A Life Remembered: Microbiologist Woese was unconventional thinker

A Life Remembered: Microbiologist Woese was unconventional thinker

URBANA — Carl Woese thought about things a lot.

And when a question or problem drew his attention, he would ponder it not for weeks or months, but for years.

"It's not even clear that the atmosphere of science these days is supportive of that perspective, but he was a master of it," said Gary Olsen, a collaborator with Mr. Woese and a fellow microbiologist at the University of Illinois.

"Carl was single-minded in his pursuit of the big tree" of life, added Norman Pace, a distinguished professor of molecular, cellular and developmental biology at the University of Colorado at Boulder and a Woese colleague for decades.

Mr. Woese, 84, who discovered a third domain of life, died at his home Sunday in Urbana.

Schmoozing at parties or pursuing a cult of personality — that was not Carl Woese, colleagues said. A scientist's scientist, he was a visionary thinker who valued greatly the science and the work.

In 2003, when Mr. Woese was awarded the prestigious Crafoord Prize by the Royal Swedish Academy of Sciences, he told The News-Gazette that the real importance of his discovery was the door it opened to better understanding the roots and process of evolution. He quoted a Chinese proverb that says when a wise man points out the moon, only a fool looks at the finger.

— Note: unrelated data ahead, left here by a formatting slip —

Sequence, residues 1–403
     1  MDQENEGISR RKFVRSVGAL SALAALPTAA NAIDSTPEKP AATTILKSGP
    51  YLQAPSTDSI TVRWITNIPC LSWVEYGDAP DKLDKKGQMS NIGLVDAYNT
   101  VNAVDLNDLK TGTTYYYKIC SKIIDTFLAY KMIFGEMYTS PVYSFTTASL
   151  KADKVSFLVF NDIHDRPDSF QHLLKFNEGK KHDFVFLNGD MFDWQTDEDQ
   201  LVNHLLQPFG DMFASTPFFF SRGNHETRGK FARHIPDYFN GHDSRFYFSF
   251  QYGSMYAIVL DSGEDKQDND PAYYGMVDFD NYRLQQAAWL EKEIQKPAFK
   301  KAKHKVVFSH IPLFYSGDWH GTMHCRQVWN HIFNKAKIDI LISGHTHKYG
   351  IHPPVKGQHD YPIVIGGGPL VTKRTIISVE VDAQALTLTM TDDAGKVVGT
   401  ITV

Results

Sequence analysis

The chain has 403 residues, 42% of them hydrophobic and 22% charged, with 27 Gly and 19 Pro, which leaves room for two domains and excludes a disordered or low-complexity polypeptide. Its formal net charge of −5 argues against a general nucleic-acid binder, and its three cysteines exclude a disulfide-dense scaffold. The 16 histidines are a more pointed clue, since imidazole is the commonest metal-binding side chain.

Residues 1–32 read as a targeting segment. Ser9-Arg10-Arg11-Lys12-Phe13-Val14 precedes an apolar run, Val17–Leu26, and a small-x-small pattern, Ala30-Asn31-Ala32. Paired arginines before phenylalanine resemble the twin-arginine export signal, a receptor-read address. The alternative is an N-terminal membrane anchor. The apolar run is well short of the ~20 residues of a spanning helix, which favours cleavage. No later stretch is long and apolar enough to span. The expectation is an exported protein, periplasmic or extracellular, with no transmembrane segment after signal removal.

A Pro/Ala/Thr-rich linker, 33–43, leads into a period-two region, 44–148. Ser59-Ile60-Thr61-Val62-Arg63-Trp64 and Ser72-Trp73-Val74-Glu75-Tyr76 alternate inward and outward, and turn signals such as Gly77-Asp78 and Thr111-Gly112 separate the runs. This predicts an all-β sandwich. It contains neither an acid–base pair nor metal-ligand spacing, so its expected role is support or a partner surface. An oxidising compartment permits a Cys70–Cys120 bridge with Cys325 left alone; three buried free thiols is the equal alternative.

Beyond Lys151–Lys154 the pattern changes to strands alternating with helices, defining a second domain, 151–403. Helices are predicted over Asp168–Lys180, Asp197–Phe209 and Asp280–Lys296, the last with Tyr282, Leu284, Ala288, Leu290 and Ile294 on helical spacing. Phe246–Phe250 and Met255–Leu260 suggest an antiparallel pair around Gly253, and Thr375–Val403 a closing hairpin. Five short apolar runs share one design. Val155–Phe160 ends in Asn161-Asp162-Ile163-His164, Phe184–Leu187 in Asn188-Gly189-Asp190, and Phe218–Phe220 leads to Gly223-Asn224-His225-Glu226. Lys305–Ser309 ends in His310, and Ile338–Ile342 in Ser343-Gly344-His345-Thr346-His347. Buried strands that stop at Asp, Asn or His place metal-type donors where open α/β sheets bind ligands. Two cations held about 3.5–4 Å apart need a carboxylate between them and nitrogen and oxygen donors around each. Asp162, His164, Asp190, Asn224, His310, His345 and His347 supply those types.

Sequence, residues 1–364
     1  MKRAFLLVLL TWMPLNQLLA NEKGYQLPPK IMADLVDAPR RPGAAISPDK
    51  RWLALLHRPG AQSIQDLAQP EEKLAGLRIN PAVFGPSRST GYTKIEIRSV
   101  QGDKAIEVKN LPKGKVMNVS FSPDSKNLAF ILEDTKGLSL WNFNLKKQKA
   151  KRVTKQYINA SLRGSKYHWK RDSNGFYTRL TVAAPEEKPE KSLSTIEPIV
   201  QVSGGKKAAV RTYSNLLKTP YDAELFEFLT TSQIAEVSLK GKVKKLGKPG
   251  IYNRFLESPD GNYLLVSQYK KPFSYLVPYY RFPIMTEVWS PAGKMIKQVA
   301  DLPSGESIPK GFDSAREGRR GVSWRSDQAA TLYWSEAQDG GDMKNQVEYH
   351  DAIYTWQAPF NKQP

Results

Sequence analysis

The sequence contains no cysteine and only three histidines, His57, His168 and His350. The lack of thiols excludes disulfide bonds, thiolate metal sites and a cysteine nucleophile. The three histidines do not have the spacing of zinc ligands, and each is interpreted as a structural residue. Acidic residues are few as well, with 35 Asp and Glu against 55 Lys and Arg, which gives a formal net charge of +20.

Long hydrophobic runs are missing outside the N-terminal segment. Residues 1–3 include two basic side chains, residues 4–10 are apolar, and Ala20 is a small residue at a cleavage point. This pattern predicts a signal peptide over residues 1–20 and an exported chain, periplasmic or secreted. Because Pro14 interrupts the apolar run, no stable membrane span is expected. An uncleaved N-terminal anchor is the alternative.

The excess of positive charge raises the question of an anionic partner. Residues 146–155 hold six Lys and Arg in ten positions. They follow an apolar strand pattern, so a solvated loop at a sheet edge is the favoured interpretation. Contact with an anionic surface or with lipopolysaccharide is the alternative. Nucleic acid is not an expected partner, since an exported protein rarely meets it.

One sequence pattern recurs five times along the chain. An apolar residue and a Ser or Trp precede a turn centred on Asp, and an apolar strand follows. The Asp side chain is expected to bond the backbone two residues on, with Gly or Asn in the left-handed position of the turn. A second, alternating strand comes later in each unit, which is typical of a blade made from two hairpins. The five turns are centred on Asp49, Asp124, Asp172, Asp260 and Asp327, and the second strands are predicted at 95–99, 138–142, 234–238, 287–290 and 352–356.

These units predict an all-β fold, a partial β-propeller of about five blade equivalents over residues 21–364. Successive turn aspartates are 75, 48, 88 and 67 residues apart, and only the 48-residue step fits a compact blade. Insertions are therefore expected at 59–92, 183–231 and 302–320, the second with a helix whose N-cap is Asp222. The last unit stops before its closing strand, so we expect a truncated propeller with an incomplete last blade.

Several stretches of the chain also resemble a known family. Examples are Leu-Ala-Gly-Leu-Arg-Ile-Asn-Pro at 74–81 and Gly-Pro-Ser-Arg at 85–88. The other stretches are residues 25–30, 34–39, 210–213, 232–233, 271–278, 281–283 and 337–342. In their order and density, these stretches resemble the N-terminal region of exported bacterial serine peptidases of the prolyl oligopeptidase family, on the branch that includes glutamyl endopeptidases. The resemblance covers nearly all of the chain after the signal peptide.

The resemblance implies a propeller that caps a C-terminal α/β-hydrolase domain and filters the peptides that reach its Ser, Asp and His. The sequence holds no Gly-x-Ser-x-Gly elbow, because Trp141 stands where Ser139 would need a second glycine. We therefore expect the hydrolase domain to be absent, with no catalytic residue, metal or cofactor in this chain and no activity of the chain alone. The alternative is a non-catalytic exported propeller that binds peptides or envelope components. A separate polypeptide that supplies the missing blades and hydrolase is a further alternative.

"The work is the moon, and I am the finger," he said.

Prior to Mr. Woese, it was thought there were two branches in the tree of life: prokaryotes (bacteria) and eukaryotes (such as plants and animals).

He claimed certain microbes, now called archaea, were as distinct from bacteria as plants and animals are. Thus the new, third branch of the tree of life.

"It changed how we view the tree of life ... and his work has had huge implications we are even now just starting to come to terms with," said Gene Robinson, UI entomologist and director of the university's Institute for Genomic Biology.

Mr. Woese was an early supporter of the institute and its "discovery-oriented science really fit his intense creativity," said Robinson, who called him a "patron saint of the institute." He became a founding member of its biocomplexity theme.

Robinson called him an inspirational teacher who challenged students. A stern taskmaster, Mr. Woese was also intellectually playful and encouraged students to think for themselves, he said.

James Davis, a postdoctoral fellow at the IGB, worked with Mr. Woese at the institute and took courses with him while studying at the UI.

During a course on microbial evolution, Davis said Mr. Woese spent time explaining the basis of his discoveries but also trying to impress upon students how to think properly about problems, to question statements, terminology and more.

If you don't understand what you described, how can you solve the next problem, Davis said he learned from Mr. Woese.

"This is the key to understanding why he was so good as a scientist," Davis said. "He was very good at teasing things apart. He brought a great deal of clarity to his field."

Born July 15, 1928, in Syracuse, N.Y., Mr. Woese earned bachelor's degrees in math and physics from Amherst College in 1950. He went on to earn a Ph.D. in biophysics from Yale University in 1953.

For two years he studied medicine at the University of Rochester, and worked for five years as a postdoctoral researcher in biophysics at Yale and as a biophysicist at the General Electric Research Laboratory in Schenectady, N.Y.

In 1964, he became a professor of microbiology at the University of Illinois.